Published  | 4 min read

How to create and use a cross-browser SVG sprite

My first tutorial ever! A short and simple tutorial about how to create and use SVG sprites in your web project. Making the switch from icon fonts to SVGs can be a little daunting in the beginning but once you get the hang of it you'll see that it's just much much better. Great performance, good browser support and it ensures a high level of maintainability. You can simply add new icons without big hassles. CSS-Tricks has a few good comparisons.

I know that there are tools available to automatically create a sprite, but I'm going to create one by myself step by step to show how it actually comes together.


Get some icons!

Start up Illustrator and create your own icons or get icons from a site like IcoMoon. Click on the IcoMoon App button in the top right corner and go wild! Once you're happy with your choice, click on the Generate SVG & more button in the bottom left corner and download your icon set on the next page. Grab the SVG folder inside the downloaded .zip.

Create the sprite

Create a new SVG and add the following code:

<svg xmlns="http://www.w3.org/2000/svg" width="20" height="20">
  <!-- Symbols -->
  <symbol id="name" viewBox="0 0 0 0">
    <title>Name</title>
    <path d=""></path>
  </symbol>
  <!-- Add icons to document and position to match their corresponding view -->
  <use xlink:href="#name" width="20" height="20" x="0" y="0" />
</svg>

This is the template we are going to use. We can now use our downloaded SVGs and paste them in our sprite.svg. The following things have to be adjusted:

  • svg height
  • Symbol ID
  • Symbol viewBox
  • Symbol Title
  • path
  • use href and y coordinate

Afer adding all our icons the file should now look like this:

<svg xmlns="http://www.w3.org/2000/svg" width="20" height="60">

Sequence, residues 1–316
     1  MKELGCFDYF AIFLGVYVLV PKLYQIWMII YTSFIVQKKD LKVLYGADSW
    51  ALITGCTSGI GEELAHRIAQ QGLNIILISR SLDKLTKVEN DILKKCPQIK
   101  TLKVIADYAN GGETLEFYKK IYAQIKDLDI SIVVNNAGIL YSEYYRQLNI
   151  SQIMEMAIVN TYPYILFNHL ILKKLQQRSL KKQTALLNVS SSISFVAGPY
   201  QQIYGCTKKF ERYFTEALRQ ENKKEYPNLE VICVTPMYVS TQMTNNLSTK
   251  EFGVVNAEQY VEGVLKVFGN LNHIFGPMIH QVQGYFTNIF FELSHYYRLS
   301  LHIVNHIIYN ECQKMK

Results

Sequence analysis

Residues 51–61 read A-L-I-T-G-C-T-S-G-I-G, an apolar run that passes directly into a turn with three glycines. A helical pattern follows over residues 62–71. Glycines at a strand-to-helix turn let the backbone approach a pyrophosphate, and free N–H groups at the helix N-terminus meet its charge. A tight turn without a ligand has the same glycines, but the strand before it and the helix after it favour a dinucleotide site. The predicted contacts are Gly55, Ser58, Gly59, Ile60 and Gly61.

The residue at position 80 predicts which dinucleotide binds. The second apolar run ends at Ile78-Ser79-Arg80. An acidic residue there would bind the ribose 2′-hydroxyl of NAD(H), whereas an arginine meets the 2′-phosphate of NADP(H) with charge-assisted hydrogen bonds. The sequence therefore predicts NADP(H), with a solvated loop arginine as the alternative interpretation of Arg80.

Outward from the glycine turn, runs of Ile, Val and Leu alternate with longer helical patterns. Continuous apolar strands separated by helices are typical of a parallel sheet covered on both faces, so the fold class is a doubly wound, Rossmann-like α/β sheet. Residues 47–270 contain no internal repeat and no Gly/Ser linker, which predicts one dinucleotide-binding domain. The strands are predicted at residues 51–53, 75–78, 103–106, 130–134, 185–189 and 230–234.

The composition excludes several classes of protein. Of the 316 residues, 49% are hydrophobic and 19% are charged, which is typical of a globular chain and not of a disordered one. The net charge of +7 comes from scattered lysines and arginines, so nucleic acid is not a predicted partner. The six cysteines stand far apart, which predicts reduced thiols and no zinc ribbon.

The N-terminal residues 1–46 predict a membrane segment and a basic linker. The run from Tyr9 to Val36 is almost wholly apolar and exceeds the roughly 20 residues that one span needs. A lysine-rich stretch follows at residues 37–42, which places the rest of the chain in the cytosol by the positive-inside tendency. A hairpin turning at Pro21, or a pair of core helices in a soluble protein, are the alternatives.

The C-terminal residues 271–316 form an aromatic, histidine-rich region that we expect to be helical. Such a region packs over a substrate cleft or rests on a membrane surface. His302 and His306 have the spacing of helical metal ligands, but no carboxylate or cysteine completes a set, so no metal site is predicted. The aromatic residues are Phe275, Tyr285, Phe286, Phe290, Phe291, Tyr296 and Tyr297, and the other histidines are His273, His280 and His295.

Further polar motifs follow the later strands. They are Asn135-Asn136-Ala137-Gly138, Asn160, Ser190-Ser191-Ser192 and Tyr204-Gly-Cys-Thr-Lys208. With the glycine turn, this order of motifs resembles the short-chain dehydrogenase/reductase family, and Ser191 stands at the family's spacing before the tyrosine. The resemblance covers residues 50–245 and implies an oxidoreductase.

<!-- Symbols -->
  <symbol id="home" viewBox="0 0 32 32">
    <title>Home</title>
    <path d="M32 18.451l-16-12.42-16 12.42v-5.064l16-12.42 16 12.42zM28 18v12h-8v-8h-8v8h-8v-12l12-9z"><path>
  </symbol>
	<symbol id="pencil" viewBox="0 0 32 32">
    <title>Pencil</title>
    <path d="M27 0c2.761 0 5 2.239 5 5 0 1.126-0.372 2.164-1 3l-2 2-7-7 2-2c0.836-0.628 1.874-1 3-1zM2 23l-2 9 9-2 18.5-18.5-7-7-18.5 18.5zM22.362 11.362l-14 14-1.724-1.724 14-14 1.724 1.724z"></path>
    </symbol>
	<symbol id="pacman" viewBox="0 0 32 32">
    <title>Pac-Man</title>
    <path d="M30.148 5.588c-2.934-3.42-7.288-5.588-12.148-5.588-8.837 0-16 7.163-16 16s7.163 16 16 16c4.86 0 9.213-2.167 12.148-5.588l-10.148-10.412 10.148-10.412zM22 3.769c1.232 0 2.231 0.999 2.231 2.231s-0.999 2.231-2.231 2.231-2.231-0.999-2.231-2.231c0-1.232 0.999-2.231 2.231-2.231z"></path>
  </symbol>
  <!-- Add icons to document and position to match their corresponding view -->
  <use xlink:href="#home" width="20" height="20" x="0" y="0" />
  <use xlink:href="#pencil" width="20" height="20" x="0" y="20" />
  <use xlink:href="#pacman" width="20" height="20" x="0" y="40" />
</svg>

Great, now we can start using the sprite in our HTML and CSS!


SVG in HTML

Before we can use our icons though, we have to ensure that it'll work in every browser. The JavaScript plugin svg4everybody will allow us to make external SVG sprites work in every browser. After adding the script, we can add our icons with:

<svg>
  <use xlink:href="assets/svg/sprite.svg#home"></use>
<svg>

Note that this won't work local and only on a server. The href points to the sprite you want to use and the hash points to the symbol you want to display. You can now style the SVG with ease in your CSS.


SVG in CSS as background-image

This one's a little bit trickier. To make this less of a headache, I'm using a Sass mixin to easily add the icon as background-image:

$i-sprite: 100% / (3 - 1);

@mixin sprite($nr) {
  background: url('../assets/svg/sprite.svg') no-repeat 50% $i-sprite * ($nr - 1) / cover;
}

.icon {
  @include sprite(1);
}

Quick and easy. This will calculate the y coordinate for the background-position depending on the amount of icons in your sprite. The only thing you have to adjust is the variable. The first number in the brackets is the amount of icons in your sprite.

The only downside to this is that you can't change the colour of your icon with CSS. Depending on the project, I usually have a sprite called bg.svg for icons only used as background-image. In the sprite I change the colour by giving the path a fill="#fff" for example (paths are black by default).


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